PSYCH 303 Chapter 5: Identifying Good Measures, Part II

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9 Feb 2017
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Chapter 5: Identifying Good Measures
Reliability of measurement- are the scores consistent?
The construct validity of a measure has two aspects: reliability, which refers to how
consistent the results of a measure are, and validity, which concerns whether the
operationalization is measuring what it is supposed to measure
Introducing three types of reliability
Test-retest reliability
The researcher gets consistent scores every time he or she uses the measure
Can apply whether the operationalization is self-report, observational, or physiological
Primarily relevant when researchers are measuring constructs (such as intelligence,
personality, religiosity) that they expect to be relatively stable in most people
Interrater reliability
Consistent scores are obtained no matter who measures or observes
Two or more independent observers will come up with consistent (or try similar)
findings
Most relevant for observational measures
Internal reliability/consistency
A study participant gives a consistent pattern of answers, no matter how the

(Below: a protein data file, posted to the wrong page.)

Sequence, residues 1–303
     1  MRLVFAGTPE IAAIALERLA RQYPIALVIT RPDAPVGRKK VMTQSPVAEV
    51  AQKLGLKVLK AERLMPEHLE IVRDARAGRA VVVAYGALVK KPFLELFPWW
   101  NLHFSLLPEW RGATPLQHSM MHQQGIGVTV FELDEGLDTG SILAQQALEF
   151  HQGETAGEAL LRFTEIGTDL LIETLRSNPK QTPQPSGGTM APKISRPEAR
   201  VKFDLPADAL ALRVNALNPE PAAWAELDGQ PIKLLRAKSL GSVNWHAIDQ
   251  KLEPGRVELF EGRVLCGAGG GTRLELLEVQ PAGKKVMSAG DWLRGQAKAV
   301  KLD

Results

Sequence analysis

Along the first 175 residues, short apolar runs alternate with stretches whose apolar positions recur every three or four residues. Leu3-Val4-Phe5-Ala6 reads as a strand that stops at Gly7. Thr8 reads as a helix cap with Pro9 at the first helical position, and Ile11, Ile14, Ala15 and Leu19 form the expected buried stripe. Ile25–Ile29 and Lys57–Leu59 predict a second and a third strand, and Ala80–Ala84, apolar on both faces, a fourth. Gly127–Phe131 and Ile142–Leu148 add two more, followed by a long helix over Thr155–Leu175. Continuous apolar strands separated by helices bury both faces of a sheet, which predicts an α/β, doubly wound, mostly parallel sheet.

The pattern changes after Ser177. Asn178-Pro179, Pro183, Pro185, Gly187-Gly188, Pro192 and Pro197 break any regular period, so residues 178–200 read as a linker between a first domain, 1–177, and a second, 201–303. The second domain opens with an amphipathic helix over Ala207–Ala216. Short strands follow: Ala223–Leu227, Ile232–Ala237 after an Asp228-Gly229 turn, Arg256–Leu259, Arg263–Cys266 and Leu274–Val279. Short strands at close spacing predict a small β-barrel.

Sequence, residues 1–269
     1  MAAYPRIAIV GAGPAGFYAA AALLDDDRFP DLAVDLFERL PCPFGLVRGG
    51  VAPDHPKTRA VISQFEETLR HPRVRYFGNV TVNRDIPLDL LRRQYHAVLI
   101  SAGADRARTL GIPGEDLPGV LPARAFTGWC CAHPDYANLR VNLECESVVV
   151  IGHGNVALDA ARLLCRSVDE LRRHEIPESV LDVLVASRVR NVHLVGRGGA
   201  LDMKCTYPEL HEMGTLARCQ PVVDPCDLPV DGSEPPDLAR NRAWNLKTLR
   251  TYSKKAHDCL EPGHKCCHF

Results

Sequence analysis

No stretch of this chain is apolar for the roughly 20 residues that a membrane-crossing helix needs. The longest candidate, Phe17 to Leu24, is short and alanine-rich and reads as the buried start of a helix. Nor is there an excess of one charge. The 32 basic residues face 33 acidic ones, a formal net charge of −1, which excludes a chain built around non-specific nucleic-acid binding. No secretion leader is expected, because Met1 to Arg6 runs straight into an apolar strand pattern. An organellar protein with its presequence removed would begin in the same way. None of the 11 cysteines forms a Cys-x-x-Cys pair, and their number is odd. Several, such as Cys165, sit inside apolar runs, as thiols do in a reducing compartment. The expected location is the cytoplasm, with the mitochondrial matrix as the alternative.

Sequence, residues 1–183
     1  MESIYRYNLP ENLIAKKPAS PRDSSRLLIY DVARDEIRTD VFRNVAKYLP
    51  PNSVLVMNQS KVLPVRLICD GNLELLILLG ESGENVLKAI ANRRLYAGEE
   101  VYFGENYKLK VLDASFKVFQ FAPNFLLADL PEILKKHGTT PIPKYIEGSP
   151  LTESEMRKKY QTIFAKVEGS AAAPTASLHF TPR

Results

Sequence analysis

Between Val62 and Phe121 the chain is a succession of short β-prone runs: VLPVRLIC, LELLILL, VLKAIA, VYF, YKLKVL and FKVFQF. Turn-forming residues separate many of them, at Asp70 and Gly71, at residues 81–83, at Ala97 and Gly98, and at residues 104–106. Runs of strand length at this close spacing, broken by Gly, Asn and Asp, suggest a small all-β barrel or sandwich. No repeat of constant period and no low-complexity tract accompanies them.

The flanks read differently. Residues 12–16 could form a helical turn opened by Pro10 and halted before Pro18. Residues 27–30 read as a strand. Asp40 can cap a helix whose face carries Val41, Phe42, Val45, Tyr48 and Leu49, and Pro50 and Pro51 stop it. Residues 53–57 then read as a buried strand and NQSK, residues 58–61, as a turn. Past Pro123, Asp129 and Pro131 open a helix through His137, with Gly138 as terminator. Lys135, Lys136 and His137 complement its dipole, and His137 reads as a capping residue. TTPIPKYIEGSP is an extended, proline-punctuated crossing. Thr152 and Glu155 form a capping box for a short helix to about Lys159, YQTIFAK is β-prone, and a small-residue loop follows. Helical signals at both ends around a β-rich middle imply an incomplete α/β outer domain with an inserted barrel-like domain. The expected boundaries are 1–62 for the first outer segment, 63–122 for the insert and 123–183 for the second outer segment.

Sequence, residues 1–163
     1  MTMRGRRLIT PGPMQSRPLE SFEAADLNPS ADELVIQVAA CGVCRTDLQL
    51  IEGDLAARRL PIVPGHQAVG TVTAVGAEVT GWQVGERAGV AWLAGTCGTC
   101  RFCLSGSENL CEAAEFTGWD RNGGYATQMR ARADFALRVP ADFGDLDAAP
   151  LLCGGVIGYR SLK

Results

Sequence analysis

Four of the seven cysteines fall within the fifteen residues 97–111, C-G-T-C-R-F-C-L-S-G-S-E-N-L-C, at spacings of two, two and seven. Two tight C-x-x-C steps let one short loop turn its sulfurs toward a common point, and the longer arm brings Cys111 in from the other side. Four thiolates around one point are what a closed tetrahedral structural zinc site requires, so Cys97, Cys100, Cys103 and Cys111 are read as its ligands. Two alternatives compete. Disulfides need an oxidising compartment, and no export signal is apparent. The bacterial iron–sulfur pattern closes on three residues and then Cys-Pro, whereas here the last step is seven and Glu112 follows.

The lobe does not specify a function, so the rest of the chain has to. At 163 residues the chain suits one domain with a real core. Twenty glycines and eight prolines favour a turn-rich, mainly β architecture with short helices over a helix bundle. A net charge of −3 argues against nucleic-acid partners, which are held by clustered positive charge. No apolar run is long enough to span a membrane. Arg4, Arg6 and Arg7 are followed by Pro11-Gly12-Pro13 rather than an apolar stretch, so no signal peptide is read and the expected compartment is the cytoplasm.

researcher has phrased the question
Using a scatterplot to evaluate reliability
Scatterplots can show interrupter agreement/disagreement
Perfect agreement is indicated when the points hover close to the sloping line in a
scatter plot
Disagreement is represented when the individual dots scatter wild from a straight line
drawn through them
Using the correlation coefficient r to evaluate reliability
Anatomy of a scatterplot
Researchers can use a single number, called a correlation coefficient, or r, to indicate
how close the dots on a scatterplot are to a line drawn through them
The direction of the relationship is represented by the the slope direction, which can be
positive (sloping up), negative (sloping down), or zero (not sloping at all)
Spread of dots represents the strength of the relationship: the relationship is strong
when dots are close to the line and weak when they're spread out
The numbers below the scatterplot are the correlation coefficients, or r
The r indicted the same two things as the scatterplot: the direction of the relationship
and the strength of the relationship
Test-retest reliability
If r is positive and strong (for test-retest reliability, we might expect 0.50), we would
have a good test-test reliability
If r is positive and weak, we would know that the participants’ score on the test
changes from the first trial to the second
Interrater reliability
If r is positive and strong (r = 0.70 or higher), we would have a good interrater reliability
If r is positive and weak, we could not trust the observers’ ratings
We would retrain the coders or refine our operational definition so it could be more
reliably coded
A negative r would individuate a big problem
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